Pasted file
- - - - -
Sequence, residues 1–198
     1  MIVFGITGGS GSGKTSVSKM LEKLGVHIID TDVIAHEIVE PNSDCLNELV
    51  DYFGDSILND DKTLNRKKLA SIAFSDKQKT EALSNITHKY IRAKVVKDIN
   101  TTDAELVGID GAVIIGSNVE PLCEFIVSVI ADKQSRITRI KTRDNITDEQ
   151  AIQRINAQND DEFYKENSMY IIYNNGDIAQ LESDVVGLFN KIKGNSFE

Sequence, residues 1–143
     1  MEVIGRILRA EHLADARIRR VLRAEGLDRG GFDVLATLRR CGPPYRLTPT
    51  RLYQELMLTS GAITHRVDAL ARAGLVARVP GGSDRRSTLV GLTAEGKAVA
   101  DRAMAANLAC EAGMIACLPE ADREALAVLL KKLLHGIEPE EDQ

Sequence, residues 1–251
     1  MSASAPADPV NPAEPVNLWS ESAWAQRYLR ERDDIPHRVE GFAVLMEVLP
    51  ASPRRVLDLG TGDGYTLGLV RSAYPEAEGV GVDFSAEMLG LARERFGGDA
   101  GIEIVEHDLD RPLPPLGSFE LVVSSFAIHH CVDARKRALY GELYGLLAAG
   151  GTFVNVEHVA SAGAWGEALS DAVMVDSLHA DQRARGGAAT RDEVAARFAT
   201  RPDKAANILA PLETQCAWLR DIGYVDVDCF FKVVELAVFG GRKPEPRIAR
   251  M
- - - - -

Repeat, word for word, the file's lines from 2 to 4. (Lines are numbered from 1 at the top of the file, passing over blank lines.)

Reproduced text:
     1  MIVFGITGGS GSGKTSVSKM LEKLGVHIID TDVIAHEIVE PNSDCLNELV
    51  DYFGDSILND DKTLNRKKLA SIAFSDKQKT EALSNITHKY IRAKVVKDIN
   101  TTDAELVGID GAVIIGSNVE PLCEFIVSVI ADKQSRITRI KTRDNITDEQ